Central bank assets 2000-2017

Federal Reserve Balance sheet @ August 2017

The Federal Reserve currently holds $4.4 trillion of assets, including $2.5 trillion of US treasury bonds. All this buying of bonds and mortgage backed securities by the Fed and also the European Central Bank (ECB) and Bank of England (BOE) has held down interest dates as bond yields have collapsed with all this demand. But central bank intervention can't carry on forever and with the strong US economy, the Fed is figuring out how to lighten its balance sheet with out spooking the markets. Certainly interest rates are on the way up in the US and sooner rather than later in the UK and probably Eurozone. No one wants to be holding bonds when interest rates are likely to rise. 

With all this cheap money sloshing around the world, just like in 2007, investors have been buying stocks, property, you name it, anything that generates a yield. If you can borrow money for 0.25% and make 5-10%, its a no-brainer! But the central banks aren't going to allow this for ever. Assets like property in major cities of the world look horribly expensive right now. Watch the central banks, they have supported the market since 2007 and its worked (look at the last few non-farm payrolls in the United States) but the era of cheap money must be coming to an end. 

Federal Reserve decision to hold rates unnerves market about state of global economy

On September 14th I wrote, "It seems like a 50:50 whether the Fed push the button and raise by 0.25% this week and on-balance I would not be surprised to see a delay until December to see where the world's second largest economy, China, comes out. But from a market sentiment perspective it would be better to get the news out of the way. Markets hate uncertainty and waiting yet again to December will add fuel to market fears."

Yesterday the Federal Reserve's FOMC announced that US interest rates were on hold for now at 0% but with an expectation that a tightening would occur during 2015. This has sent markets down today as investors fear about the reasons for the delay i.e. a worsening in the global economic outlook and particuarly China. 

After 9 years of near zero interest rates in the world's largest economy which has been accompanied by a bull market in the S&P 500 and Nasdaq which last lasted since the depths of the last financial crisis in 2009. 

Major stock markets are down around 1% as investors digest that fact that there is more uncertainty about the timing of US interest rate rises and uncertainty is bad for sentiment.

There doesn't feel like much good news ahead and if US exporters catch a cold from weak global demand for their products, the next earnings season could be mighty interesting! But saying that many commodity stocks look mighty cheap right now.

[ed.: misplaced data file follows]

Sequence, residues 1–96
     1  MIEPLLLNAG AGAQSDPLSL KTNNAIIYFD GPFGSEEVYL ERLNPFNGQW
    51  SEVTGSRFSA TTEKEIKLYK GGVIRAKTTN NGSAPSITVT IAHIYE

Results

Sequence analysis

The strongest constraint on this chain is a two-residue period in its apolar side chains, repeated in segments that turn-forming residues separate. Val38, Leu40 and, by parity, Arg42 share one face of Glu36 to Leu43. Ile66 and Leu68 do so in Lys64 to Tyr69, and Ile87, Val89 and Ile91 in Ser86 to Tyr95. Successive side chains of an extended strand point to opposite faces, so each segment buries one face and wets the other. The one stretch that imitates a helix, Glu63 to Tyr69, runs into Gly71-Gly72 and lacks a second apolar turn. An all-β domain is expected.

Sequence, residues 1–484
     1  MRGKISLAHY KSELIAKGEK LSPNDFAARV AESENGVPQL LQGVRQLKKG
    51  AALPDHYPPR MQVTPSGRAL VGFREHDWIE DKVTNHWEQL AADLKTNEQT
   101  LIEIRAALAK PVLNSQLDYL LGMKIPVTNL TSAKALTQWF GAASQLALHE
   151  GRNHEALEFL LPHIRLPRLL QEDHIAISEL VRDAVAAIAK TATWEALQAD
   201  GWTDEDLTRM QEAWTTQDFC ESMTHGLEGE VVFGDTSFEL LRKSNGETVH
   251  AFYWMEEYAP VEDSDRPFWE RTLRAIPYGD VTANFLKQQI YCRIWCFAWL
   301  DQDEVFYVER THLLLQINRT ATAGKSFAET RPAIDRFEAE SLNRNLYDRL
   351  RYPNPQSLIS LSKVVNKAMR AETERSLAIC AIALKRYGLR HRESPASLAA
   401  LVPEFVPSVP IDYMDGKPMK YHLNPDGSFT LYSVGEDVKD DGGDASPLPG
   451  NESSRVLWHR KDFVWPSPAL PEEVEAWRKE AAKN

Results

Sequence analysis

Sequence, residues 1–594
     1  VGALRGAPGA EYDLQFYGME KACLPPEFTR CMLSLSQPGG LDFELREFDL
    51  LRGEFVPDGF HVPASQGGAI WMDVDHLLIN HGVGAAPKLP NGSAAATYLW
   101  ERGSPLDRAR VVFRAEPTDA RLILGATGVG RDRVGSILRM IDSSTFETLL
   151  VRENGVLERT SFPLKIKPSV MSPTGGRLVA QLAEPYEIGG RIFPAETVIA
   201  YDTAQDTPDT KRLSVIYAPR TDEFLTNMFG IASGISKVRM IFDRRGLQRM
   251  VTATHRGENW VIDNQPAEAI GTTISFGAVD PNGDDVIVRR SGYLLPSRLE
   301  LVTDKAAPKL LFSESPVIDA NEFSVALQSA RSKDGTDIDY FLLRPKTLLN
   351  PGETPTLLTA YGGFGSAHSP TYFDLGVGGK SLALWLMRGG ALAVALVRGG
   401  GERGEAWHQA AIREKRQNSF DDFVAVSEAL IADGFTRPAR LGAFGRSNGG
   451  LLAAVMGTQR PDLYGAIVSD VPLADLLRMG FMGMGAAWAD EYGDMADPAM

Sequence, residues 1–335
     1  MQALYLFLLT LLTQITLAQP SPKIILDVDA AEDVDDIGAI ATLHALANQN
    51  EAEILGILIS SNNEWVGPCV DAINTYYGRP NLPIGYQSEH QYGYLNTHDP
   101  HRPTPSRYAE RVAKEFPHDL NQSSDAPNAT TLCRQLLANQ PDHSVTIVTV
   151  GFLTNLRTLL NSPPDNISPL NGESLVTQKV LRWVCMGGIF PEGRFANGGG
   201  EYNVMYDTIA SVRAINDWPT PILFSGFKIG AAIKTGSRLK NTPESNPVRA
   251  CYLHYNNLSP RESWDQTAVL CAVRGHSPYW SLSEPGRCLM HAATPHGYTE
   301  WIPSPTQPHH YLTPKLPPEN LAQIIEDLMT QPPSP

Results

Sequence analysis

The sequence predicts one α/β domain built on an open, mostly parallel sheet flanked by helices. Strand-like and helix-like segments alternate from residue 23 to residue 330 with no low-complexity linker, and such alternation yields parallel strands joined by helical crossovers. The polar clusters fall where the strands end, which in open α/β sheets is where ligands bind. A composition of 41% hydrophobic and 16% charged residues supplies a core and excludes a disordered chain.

World holds it breath as Federal Reserve FOMC meets to discuss US interest rates

federal reserve building

The Federal Reserve's key FOMC (Federal Open Market Committee) meeting is happening early this week and for the first time in a long time markets are guessing whether finally the time has come to raise US interest rates. The first rise for nine years!

The FOMC meeting concludes on Thursday afternoon with the end of meeting coinciding with the release of  the latest economic projections, and Federal Reserve Chair Janet Yellen will hold a press conference.

If the Fed does decide to take action it won't be a great surprise as many members including Yellen have signalled that they will raise interest rates when economic conditions and jobs reports are on a firm footing. The last few non-farm payrolls and durable goods order have been good or "good enough".  But those with a more cautious view have talked about the impact of a slowing China and violent swings in world stock markets and emerging markets currencies (on average Latin American currencies have devalued 26% against the US since May 2015 with big economies like the Brazilian Real down over 35%). Global sentiment appears to be on a knife edge and with little signs of inflation in the US, it is worth the risk for policy makers?

If interest rates go up, it probably means that US dollar will strengthen even more, bad news for oil and other dollar based commodities.

It seems like a 50:50 whether the Fed push the button and raise by 0.25% this week and on-balance I would not be surprised to see a delay until December to see where the world's second largest economy, China, comes out. But from a market sentiment perspective it would be better to get the news out of the way. Markets hate uncertainty and waiting yet again to December will add fuel to market fears.

Federal Reserve Beige Book reassures investors and calms nerves, now for US Non-farm payroll data on Friday

calming lake scene

After a mixed start to the day yesterday with European markets falling early on, September 2nd and the publication of the latest Federal Reserve Beige Book proved to be the chill pill the markets needed.